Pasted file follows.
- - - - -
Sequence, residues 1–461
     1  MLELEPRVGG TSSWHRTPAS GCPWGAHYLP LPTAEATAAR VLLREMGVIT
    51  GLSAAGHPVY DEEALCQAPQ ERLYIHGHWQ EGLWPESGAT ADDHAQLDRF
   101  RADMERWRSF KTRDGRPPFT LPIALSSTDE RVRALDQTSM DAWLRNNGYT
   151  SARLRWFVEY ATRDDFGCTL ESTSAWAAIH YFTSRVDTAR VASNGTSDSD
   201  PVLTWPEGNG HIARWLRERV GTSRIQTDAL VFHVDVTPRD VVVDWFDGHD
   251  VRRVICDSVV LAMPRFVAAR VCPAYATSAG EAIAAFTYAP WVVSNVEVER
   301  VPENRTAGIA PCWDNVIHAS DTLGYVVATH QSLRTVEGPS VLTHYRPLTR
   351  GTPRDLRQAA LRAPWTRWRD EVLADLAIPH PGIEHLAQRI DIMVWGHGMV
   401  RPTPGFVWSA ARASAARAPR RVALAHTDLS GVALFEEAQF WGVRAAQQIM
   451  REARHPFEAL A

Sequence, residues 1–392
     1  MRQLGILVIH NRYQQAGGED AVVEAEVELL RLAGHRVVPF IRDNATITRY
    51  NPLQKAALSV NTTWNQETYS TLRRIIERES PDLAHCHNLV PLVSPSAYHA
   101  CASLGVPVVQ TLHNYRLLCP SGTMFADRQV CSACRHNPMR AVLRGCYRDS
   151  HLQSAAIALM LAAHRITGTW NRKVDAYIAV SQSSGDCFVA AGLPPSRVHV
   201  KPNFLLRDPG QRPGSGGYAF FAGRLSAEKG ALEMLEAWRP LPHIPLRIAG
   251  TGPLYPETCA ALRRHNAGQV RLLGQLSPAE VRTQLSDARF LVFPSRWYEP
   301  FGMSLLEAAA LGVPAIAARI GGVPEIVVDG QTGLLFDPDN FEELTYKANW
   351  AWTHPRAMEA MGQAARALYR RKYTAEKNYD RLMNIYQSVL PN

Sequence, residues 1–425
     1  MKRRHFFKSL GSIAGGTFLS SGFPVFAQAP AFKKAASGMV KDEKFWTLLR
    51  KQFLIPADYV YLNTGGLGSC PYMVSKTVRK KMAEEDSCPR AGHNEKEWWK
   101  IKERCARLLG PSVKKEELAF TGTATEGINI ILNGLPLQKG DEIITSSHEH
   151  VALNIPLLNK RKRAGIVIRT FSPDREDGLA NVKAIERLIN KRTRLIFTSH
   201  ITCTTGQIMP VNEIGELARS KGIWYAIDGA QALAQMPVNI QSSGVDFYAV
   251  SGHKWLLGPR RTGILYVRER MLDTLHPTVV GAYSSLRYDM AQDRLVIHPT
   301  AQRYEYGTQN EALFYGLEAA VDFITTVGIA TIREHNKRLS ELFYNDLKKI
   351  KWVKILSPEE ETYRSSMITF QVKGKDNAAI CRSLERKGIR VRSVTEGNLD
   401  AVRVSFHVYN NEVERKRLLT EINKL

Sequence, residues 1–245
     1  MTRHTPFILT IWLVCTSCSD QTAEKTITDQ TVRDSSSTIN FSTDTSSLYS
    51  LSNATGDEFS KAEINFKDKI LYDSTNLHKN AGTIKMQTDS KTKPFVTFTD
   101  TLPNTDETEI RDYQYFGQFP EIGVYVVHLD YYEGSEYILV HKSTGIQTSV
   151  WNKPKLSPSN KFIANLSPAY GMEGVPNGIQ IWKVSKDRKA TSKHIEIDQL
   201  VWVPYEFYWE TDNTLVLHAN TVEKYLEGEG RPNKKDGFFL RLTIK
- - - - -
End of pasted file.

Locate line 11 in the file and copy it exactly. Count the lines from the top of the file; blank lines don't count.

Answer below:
   451  REARHPFEAL A